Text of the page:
By: Edgar Bazan, Mayor’s Star Council Class of 2016-2017
“I slept and dreamt that life was joy. I awoke and saw that life was service. I acted and behold, service was joy.”
Games, face painting, dancing to Drake’s One Dance (and many others!), and all you can eat sloppy joes with pickles and onions, and, of course, your choice of chocolate chip or oatmeal cookies. This sounds like a party, right? Well, it was. It was a joy to serve in our city. The Mayor’s Star Council joined with St. Philip’s School and Community Center, Dallas Police Department and Mayor Mike Rawlings to celebrate on October 4th, 2016 National Night Out with the community of South Dallas, Texas. It was a great time where we shared not only food and games but most importantly lots of laughs with our neighbors as we continue to work to build healthy and strong communities.
This event took place at St. Philip’s School and Community Center, and we were truly impressed by the work they do and how they are giving a future to many children, particularly by providing services and resources that assist families in enhancing their quality of life. The focus of their mission is to “provide an unparalleled education fueled by a confluence of spirituality, self-determination, and service to others.” (Stphilips1600.org) In the Mayor’s Star Council we have this motto: the beauty of a city is found in the hearts of its people. We have been learning that there is profound beauty in South Dallas, one that can only be witnessed by being there. And it is not a beauty that relies on stuff, but on the sacredness of human worth, on children that are eager to learn, to join, to partner with anyone willing to tutor them.
This is our city: our neighbors, our children, our responsibility. And this city is beautiful and diverse, desperately crying out for people to see, to be aware of the unknowns, of those that typically are just labeled but nameless. It is time to tell the good stories such as St. Philips School and to raise each other in our community for the sake of our common well-being, and reinforce the foundations that lead to healthy and strong communities.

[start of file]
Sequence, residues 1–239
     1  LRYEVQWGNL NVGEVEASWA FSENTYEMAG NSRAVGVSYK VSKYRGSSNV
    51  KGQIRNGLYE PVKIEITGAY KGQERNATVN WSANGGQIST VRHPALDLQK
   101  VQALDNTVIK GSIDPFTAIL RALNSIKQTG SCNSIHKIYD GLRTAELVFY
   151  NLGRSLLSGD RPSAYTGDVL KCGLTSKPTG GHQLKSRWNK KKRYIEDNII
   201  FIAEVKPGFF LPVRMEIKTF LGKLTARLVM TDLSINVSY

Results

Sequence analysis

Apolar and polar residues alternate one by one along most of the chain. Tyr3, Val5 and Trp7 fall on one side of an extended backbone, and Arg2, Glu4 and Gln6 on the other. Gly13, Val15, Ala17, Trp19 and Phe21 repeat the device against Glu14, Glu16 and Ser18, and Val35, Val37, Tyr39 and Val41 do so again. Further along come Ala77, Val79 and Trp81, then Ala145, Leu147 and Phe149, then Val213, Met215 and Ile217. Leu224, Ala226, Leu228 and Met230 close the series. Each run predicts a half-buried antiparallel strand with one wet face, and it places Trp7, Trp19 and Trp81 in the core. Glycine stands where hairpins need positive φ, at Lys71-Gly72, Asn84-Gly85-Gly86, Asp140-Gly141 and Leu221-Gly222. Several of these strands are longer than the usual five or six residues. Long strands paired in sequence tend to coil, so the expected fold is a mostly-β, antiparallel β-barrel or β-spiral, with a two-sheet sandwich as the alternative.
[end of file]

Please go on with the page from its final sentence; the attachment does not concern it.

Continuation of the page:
The Mayor’s Star Council exists for opportunities to serve like this by linking arms with leaders from all around our communities for a better Dallas and to lead in the discovery process of the beauty of our city. But, why do we care? Because we want a city that is good, kind and better for everyone; and because we are people that are not satisfied with just exploring and dreaming about what could be better, but are actively engaged in contributing creative solutions to help build a great city. We are doers, and we are passionate about the dreams of our city for our future. We come from different contexts; we look different; we think different; but we share one passion: to serve others. We have done this and will continue to do so by addressing issues such as neighborhood building (GrowSouth), homelessness (HEP), poverty (CitySquare), and education supporting programs (TRM). This is what moves us, what brings us together with shared purpose. We have accepted the challenge from our Mayor to be civically engaged in the challenges the city faces rather than inheriting them in the future. We are stepping forward, becoming a tangible presence all around the city.